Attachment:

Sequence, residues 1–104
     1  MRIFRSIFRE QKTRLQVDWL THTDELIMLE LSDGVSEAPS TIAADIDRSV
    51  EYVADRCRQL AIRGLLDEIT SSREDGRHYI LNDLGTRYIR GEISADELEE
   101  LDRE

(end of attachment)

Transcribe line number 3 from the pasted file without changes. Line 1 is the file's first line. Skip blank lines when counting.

    51  EYVADRCRQL AIRGLLDEIT SSREDGRHYI LNDLGTRYIR GEISADELEE